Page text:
Friday, March 16, 2018

"Weather in the World of Greyhawk" from Dragon #68

As I might have mentioned before, the idea for designing what would eventually become THE ALMANAC of FANTASY WEATHER came to me when I was re-imagining druid spells for the Book of Spells supplement to SEVEN VOYAGES of ZYLARTHEN. Many of the spells were directly or indirectly linked with weather, which naturally brought up the question - how do you know what the weather is?

As far as I know, none of the original rulebooks for old-school D&D - OD&D, Holmes, B/X or AD&D offered a weather generation mechanism (I didn't go back and check this, so it's possible I'm wrong), which is sort of odd considering that some of the books, such as the DMG, went into such great detail on other things.

However, an article by David Axler, "Weather in the World of Greyhawk" in The Dragon #68, offered a detailed and robust system. As I understand it, that system had been or would be also incorporated into the Greyhawk boxed set. This was where I started.

Readers of FANTASY WEATHER may note that I took many of the same names for precipitation events from that article - Light Rainstorm, Heavy Rainstorm, Light Blizzard, Heavy Blizzard and so on. Since my original intention was not to design a commercial product, I didn't initially worry about copyright, but when I did start to think about that, the naming conventions seemed generic enough to be fair game, and I did notice that much of the same list was used in some of the other newer non-TSR weather products.

I soon altered the list however. Some of the names seemed too American or Western - Hurricane, Tropical Storm, Tornado, etc. - or too obviously culturally specific - Monsoon - for the tone I was trying to set. I didn't want FANTASY WEATHER to sound like the weather report from a North Carolina CBS affiliate, or an AP report from Bangalore. And I folded the article's "special weather" into the more general list. If you used the calculation scheme of the original article, a desert would only get a sandstorm once every eight years, or so I figured it. Where's the fun in that?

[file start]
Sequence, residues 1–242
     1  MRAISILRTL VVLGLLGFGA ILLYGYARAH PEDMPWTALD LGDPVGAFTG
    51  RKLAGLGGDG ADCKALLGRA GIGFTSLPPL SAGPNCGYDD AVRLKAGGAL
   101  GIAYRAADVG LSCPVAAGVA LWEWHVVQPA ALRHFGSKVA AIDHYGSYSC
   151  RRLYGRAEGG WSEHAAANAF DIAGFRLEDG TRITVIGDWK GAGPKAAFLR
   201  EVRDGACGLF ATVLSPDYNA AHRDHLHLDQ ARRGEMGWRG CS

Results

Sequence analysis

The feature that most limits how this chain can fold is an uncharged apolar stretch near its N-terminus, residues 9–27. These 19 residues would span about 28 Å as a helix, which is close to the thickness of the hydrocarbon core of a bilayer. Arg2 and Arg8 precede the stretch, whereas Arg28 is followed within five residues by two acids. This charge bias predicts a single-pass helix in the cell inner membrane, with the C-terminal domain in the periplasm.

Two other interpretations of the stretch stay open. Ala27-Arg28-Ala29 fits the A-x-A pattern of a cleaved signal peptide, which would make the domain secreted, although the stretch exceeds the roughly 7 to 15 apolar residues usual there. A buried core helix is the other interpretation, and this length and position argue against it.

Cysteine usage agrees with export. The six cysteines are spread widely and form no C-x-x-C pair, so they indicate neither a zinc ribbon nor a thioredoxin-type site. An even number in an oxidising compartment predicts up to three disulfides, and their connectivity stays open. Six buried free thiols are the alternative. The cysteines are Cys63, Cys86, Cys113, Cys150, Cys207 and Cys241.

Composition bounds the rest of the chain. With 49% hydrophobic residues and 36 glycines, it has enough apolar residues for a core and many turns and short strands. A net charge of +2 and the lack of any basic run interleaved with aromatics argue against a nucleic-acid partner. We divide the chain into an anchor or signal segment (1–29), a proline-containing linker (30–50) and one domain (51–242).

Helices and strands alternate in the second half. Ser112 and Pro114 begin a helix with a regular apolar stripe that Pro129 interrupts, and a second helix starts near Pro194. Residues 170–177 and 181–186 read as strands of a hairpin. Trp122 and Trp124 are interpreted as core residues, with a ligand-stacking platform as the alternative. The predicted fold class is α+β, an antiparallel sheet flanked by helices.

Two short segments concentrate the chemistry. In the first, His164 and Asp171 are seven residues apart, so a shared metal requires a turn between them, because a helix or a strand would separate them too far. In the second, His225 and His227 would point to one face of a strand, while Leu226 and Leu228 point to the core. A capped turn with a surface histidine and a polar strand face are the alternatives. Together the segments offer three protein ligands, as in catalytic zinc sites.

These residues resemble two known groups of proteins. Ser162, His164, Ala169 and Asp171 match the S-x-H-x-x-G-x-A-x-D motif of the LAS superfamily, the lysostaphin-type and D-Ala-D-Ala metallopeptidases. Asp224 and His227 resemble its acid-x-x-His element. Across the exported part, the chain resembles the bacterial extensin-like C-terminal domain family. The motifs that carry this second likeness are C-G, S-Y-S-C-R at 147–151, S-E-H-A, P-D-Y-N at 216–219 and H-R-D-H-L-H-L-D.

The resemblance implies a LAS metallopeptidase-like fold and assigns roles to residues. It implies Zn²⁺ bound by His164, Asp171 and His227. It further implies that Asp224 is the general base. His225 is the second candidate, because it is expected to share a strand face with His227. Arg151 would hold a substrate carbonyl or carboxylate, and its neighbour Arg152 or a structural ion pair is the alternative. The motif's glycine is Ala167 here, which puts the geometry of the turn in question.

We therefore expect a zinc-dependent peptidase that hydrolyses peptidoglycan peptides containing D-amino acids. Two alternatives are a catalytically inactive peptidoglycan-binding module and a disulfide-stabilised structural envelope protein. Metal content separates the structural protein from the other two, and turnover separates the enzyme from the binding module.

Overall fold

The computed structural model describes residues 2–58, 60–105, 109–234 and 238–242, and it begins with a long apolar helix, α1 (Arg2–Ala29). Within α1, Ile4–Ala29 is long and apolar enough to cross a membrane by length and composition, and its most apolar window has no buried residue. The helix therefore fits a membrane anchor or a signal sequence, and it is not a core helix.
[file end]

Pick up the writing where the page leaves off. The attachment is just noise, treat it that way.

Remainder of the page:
I used the article's durations, rainfall/snowfall amounts, wind speed ranges and the like for each precipitation event as a jumping off point, but soon started to fiddle with them for various reasons. For example, I soon discovered that while the rainfall amounts initially seemed realistic, if you did the math, the amount of yearly rainfall for pretty much anywhere in Greyhawk would be off virtually any terrestrial scale - often more rain (in inches or millimeters) than even the wettest place on earth. One of the first things I designed was a method to quickly alter rainfall and snowfall amounts to fit the data for the climate type being simulated. For example, if the weather results for a London-type climate yielded 400 inches of rain on average (roughly ten times the actual total) you could simply divide the rainfall for each event by ten. Of course, you could also just make precipitation events less likely (by a factor of ten) but that possibility wasn't attractive. London is pretty rainy. That doesn't mean you get a huge amount of annual rainfall, measured in inches or millimeters (it's less than New York), but it does mean that you have 150-200 at least slightly wet days per year. Reducing that to 15-20, which would have amounted to desert conditions, didn't seem right.

I realize that the last consideration is more for weather nerds or "realism" nerds. It's unlikely that many readers, referees or players would know or care that the sum of the daily rainfall totals wasn't "realistic." But I figured if I was going to do it, I might as well get it right.